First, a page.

Memorial Moment — Betrayers

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Monday of Advent 2
10 December 2012

Often the church fathers are taken to be betrayers of the biblical gospel. They are rejected by many modern Christians as legalistic preachers who did not know of the substitution of Christ in the place of the sinner on the cross. This is a lie and a calumny against the ancient teachers of the church; a church to which we belong by confession. While we should not idolize the church fathers as though they were incapable of being legalistic in their preaching and teaching, we need to read them to see how truly Christ and gospel-centered their writings were. They are the steel framing around which the later church erected her theology. The foundation was none other than the apostles with Christ Jesus as the head of the corner. So they are secondary in importance to Christ and the holy apostles and when their teaching is not square with the head of the corner, they ought to be disregarded as men who built with stubble rather than steel studs. Every human teacher must be subject to this criticism, if God is God.

I hope that our generation’s theological output is not judged as harshly as that of the church fathers has been by this generation, otherwise far less of our theological literature will survive the test of time than survived from the first five centuries of church life. We know-it-alls easily stomp on the pearls that are cast before us by the giants of the ancient church. We are Lilliputians lampooning giants for being too big. We are like high school physics students mocking Albert Einstein for his funny hair.

Upon reading the work of these saints, bishops, presbyters, and theologians, I have often prayed for leaders like them who, conversant with Scripture as their meat and drink, wrote sublimely gospel-centered sermons, letters, and courageous defenses of the holy faith of the church. Upon reading them, I repent of my arrogant modernism that presumes that what was written before I was born to be unimportant, frowsy and faded. Upon studying them, I grieve for my lack of immediacy in expression and my inability to paint Christ crucified with sufficiently compelling colors. Their speech is full of the gospel. They are clear that salvation comes not from us, but from God. John Chrysostom, the greater preacher and bishop, testified that “Nothing is from ourselves.” Everything comes from God for the forgiveness of our sins. If there is a betrayal, it is ours.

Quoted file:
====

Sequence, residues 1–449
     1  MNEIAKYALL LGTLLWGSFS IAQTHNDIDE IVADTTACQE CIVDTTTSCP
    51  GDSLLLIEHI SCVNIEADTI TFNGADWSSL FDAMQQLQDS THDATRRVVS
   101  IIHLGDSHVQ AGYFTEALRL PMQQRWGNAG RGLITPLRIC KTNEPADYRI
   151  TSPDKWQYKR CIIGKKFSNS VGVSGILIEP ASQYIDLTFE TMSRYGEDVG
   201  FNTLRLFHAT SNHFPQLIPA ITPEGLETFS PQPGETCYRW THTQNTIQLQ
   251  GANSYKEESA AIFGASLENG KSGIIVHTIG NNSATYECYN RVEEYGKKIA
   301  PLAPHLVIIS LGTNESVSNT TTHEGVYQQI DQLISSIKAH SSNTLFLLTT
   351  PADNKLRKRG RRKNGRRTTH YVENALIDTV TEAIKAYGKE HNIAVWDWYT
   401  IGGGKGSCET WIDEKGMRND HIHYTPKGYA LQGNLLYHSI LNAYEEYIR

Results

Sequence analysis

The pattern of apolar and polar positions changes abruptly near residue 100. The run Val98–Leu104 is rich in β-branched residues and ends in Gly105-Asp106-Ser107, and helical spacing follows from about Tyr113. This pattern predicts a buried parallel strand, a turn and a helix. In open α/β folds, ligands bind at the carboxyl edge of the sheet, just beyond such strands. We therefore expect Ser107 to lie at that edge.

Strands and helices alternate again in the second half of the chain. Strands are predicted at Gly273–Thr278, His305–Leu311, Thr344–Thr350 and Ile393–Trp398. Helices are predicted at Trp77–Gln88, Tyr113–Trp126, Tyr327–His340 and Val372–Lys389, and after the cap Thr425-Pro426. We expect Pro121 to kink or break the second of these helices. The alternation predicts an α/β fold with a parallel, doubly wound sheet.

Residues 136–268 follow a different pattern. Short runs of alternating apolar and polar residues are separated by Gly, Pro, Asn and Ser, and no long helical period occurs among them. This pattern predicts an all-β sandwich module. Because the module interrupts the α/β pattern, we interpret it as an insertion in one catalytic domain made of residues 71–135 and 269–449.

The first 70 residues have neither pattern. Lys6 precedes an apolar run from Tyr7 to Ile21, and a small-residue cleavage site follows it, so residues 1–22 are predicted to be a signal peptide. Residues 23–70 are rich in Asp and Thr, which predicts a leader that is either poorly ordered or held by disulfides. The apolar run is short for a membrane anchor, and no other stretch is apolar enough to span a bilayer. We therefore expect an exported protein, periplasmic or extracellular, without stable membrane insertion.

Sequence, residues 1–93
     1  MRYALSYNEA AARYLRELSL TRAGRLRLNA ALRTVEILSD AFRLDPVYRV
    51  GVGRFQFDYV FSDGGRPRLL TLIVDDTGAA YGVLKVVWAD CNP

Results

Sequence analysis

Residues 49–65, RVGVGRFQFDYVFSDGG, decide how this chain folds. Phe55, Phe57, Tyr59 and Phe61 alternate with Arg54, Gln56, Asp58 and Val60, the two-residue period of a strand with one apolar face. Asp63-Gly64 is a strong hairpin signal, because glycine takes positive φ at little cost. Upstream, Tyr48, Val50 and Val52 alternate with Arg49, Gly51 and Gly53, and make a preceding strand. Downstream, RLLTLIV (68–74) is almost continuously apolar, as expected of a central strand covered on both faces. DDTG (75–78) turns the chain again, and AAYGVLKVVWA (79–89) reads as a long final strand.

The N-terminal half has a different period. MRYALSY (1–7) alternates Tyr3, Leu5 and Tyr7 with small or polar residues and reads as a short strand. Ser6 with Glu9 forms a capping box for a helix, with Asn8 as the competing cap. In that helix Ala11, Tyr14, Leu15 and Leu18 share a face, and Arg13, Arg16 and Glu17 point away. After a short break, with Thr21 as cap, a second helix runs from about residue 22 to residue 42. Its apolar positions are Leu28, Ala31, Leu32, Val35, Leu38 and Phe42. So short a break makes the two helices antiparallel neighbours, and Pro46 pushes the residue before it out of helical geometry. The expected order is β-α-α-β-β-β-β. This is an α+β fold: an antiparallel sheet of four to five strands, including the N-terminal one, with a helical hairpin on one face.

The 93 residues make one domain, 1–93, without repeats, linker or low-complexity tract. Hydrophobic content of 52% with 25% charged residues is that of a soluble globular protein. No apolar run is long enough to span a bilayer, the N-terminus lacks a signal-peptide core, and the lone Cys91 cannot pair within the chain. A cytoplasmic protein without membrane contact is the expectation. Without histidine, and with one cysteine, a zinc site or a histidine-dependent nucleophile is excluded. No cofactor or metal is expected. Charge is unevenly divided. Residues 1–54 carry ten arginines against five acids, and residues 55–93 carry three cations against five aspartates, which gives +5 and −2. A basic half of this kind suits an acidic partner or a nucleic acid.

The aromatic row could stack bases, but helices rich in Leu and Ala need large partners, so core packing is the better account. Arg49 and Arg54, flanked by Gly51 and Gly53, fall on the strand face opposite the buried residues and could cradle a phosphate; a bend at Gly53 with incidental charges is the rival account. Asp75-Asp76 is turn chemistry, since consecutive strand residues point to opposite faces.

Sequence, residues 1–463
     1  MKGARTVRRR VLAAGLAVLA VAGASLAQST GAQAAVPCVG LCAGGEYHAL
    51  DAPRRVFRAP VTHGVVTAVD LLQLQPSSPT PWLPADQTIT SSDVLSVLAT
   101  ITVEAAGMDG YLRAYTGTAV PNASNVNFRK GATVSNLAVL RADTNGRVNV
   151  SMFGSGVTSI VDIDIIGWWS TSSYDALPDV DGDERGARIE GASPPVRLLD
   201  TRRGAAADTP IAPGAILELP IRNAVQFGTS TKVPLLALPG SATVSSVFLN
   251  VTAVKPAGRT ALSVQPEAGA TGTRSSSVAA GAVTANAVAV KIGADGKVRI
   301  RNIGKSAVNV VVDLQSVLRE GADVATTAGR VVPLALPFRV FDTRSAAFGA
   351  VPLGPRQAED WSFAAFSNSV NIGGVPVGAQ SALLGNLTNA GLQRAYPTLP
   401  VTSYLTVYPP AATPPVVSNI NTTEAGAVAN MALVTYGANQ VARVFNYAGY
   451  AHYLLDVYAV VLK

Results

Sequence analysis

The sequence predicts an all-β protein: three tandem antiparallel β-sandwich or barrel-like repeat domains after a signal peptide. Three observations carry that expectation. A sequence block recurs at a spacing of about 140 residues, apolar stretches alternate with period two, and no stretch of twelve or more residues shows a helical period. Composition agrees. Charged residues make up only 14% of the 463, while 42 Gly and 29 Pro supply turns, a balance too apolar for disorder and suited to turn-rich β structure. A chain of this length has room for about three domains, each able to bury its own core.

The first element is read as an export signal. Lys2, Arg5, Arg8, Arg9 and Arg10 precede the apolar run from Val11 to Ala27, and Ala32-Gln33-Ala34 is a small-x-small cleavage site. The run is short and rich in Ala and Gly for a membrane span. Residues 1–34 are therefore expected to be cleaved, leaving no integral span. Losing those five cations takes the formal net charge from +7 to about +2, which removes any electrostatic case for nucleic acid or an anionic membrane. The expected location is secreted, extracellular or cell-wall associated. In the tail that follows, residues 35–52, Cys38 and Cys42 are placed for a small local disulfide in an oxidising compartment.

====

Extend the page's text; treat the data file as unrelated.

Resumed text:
John Chrysostom

“‘All this is from God, who through Christ reconciled us to himself and gave us the ministry of reconciliation’ (2Co 5:18). Nothing is of ourselves, for remission of sins and adoption and unspeakable glory are given to us by Him. Paul no longer exhorts the Corinthians from the things to come only (2Co 5:1-10), but even from those things now present. Consider that we shall be raised again, and go on to imperishability, and have an eternal house. But since present things have more force to persuade than things to come with those who do not believe in these as they ought, he shows how great are the things they have already received. What was received by them? They are all dead (he said, ‘all died’ and ‘He died for all,’ and so He loved all alike) hardened, and grown old in their vices.

“But behold God gives a new soul (for it was cleansed), and a new body, a new worship, promises new, and testament, life, table, dress, and all things new absolutely. For instead of the Jerusalem below we have received that mother city which is above (Gal 4:26). Instead of a material temple we have seen a spiritual temple (2Co 5:1). Instead of tables of stone, fleshly ones (2Co 3:3); instead of circumcision, baptism (Col 2:11-12); instead of the manna, the Lord’s body; instead of water from a rock, blood from His side (Jn 19:34); instead of Moses’ or Aaron’s rod, the Cross; instead of the promised land, the kingdom of heaven; instead of a thousand priests, one High Priest; instead of an unreasoning lamb, a spiritual Lamb. With these and such things in his thought he said, ‘all things are new’ (2Co 5:17). But ‘all’ these ‘things are from God,’ by Christ, and His free gift.”

John Chrysostom, Homilies on 2 Corinthians, 11.4

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